[swift-evolution] Enums and Source Compatibility
razielim at gmail.com
Fri Sep 22 10:27:16 CDT 2017
> On 22. Sep 2017, at 17:21, Karl Wagner via swift-evolution <swift-evolution at swift.org> wrote:
>> On 21. Sep 2017, at 00:51, Rex Fenley via swift-evolution <swift-evolution at swift.org <mailto:swift-evolution at swift.org>> wrote:
>> Hi Jordan,
>> I've been keeping up with most of the discussion since I last emailed about my concern about making nonexhaustive the default mode for enums. So far I am still strongly in the camp of exhaustive by default.
>> Most of my understanding comes from the perspective of source compatibility; since I'm primarily an iOS app developer and contributor to open source through CocoaPods, I don't have enough experience with binary compatibility issues to understand the breadth of the effects of such a change on binary compatibility - so I will argue from the perspective of source compatibility. Additionally, all the following applies exclusively to enums from Swift and not Obj-C/C. Largely my concerns stem from the "default effect <https://en.m.wikipedia.org/wiki/Default_effect_(psychology)>"- whatever default is chosen is going to unconsciously bias developers to use that default.
>> To start, I don't follow how nonexhaustive by default leads to more secure code or promises less. In a world where nonexhaustive is default, hard-to-track bugs will be introduced frequently into many Swift developer's code.
>> Evolving contracts - The change you suggest leaves it up to the user to remember to add new cases into their code if an enum ever does change in a framework, and their code relies on exhaustive pattern matching.
> I think this is the right thing to do. Library vendors can still communicate changes with clients through deprecation notices. Ultimately it is up to the vendor to maintain compatibility for people switching against those older cases, and up to the clients to adopt any new behaviour that gets implemented.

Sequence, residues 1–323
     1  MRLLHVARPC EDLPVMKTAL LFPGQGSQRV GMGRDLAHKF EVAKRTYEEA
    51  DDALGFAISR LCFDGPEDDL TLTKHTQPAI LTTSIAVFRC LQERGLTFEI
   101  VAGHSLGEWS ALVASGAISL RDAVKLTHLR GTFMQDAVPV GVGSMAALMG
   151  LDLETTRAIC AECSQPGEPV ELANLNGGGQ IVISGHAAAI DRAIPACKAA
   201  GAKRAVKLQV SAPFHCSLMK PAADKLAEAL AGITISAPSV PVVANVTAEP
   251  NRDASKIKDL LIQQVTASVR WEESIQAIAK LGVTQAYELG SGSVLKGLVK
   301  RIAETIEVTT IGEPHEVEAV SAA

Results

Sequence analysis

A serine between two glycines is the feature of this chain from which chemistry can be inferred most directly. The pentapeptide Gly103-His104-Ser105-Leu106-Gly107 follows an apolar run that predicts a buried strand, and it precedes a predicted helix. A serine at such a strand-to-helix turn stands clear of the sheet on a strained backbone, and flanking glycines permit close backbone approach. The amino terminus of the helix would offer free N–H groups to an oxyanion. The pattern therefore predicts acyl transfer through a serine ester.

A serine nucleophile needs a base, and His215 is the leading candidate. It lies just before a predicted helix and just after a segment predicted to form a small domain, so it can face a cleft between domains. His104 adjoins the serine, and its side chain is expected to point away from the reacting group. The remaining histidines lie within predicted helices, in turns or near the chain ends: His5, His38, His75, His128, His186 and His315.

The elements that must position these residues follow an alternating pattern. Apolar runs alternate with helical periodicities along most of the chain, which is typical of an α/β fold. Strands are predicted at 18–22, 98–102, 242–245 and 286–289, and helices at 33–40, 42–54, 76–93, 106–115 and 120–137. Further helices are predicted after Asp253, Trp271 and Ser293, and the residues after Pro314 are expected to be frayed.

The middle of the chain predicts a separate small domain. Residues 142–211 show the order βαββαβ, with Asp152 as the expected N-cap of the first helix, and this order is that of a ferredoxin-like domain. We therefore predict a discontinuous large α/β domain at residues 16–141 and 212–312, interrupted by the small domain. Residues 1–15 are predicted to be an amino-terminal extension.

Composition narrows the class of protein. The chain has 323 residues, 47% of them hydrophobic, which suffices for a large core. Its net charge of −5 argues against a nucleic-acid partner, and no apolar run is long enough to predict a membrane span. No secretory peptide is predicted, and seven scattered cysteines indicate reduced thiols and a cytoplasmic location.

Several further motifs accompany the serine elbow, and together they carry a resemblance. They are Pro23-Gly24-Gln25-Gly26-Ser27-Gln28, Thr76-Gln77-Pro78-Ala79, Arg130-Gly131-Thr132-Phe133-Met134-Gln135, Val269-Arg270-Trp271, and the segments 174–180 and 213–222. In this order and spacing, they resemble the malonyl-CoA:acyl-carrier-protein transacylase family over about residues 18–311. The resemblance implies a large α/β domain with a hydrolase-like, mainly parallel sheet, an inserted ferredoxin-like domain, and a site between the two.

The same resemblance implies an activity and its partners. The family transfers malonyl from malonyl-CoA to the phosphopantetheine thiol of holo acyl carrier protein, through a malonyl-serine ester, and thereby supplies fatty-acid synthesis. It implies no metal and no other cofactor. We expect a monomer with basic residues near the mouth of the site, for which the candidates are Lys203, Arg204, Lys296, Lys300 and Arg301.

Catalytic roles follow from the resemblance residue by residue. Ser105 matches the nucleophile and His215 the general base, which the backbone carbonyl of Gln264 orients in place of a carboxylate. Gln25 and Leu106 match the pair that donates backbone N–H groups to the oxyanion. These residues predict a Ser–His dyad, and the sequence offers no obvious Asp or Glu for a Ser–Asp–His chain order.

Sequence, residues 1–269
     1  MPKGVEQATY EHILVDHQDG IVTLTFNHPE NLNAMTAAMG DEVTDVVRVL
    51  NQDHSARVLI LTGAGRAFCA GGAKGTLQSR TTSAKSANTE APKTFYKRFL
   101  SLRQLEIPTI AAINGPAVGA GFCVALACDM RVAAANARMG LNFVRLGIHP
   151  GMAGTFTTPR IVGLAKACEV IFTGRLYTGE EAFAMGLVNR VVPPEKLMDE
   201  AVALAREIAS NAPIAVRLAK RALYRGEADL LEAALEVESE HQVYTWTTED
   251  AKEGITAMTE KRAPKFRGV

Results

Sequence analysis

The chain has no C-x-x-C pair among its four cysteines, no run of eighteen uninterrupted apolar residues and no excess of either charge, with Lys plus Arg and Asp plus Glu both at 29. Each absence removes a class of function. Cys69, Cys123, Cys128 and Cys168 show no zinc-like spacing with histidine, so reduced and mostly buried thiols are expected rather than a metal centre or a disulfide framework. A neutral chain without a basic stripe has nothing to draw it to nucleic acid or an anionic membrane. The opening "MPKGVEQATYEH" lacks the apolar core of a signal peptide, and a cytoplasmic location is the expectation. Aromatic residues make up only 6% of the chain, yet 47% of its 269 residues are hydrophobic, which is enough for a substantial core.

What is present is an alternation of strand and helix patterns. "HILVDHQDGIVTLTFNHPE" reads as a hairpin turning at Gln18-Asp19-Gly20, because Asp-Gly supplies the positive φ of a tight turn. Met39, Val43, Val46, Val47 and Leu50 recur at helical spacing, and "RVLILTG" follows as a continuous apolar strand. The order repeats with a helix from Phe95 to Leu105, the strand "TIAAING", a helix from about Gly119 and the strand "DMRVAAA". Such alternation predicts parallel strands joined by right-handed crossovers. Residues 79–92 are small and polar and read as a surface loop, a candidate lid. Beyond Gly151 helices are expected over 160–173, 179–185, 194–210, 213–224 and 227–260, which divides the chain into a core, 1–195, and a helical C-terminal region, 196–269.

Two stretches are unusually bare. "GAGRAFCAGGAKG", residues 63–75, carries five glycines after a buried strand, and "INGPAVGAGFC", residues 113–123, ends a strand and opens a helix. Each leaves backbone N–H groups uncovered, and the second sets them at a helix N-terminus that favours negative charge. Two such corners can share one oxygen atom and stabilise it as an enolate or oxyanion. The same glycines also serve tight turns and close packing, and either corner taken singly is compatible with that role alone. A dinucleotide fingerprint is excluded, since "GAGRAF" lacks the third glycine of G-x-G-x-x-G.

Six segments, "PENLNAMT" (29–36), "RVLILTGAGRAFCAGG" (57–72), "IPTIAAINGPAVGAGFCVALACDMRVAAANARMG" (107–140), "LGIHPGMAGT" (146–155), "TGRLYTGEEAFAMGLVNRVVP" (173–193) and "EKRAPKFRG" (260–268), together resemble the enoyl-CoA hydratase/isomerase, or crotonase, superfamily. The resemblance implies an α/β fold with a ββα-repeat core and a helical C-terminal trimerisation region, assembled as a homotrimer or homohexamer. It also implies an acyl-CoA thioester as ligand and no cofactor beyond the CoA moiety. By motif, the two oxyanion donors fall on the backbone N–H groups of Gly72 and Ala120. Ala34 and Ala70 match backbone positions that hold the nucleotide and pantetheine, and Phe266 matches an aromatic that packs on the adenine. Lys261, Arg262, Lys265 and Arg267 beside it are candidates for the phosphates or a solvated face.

>> Unhandled case bugs - This will lead to inconsistencies and hard-to-track bugs, since it would require the user to then track down an unhandled case that they may not even be aware exists (forcing googling, searching through documentation, etc.).
>> This is something that I certainly have experienced in the past working across teams programming in Obj-C, and Swift has so far completely eliminated this class of bugs! In a world where exhaustive remains default, nothing changes, fewer bugs.
> I’m not sure that those issues are so difficult to track down. You’ll know that switch statements which fall-through to a default case are suspicious - but they already are today, too!. It’s not really any different to having allowing singular “if”s without a corresponding “else”. I could also see the debugging value in a “future” case label, but it’s not necessary IMO.
> Although, I can kind of see your point:
> If you’re talking about a private framework (e.g. the multi-module App scenario), then things are a little different for you because typically, you’ll ship new versions of the framework and App together. The framework can be as fragile as you like in that case - you can break all the ABI stability rules, because there will no apps importing the new version of the framework who were compiled against older versions of it. In many ways, those frameworks are really like static libraries (with extras, like resources).
Of course, you can’t actually use static libraries because on iOS, for example, you might have XPC services or other mini-applications which also want to use your model libraries. Static libraries would bloat your binary size.
Is there some kind of middle-ground, perhaps? Like a fragile dynamic library, which makes no attempt to be resilient?
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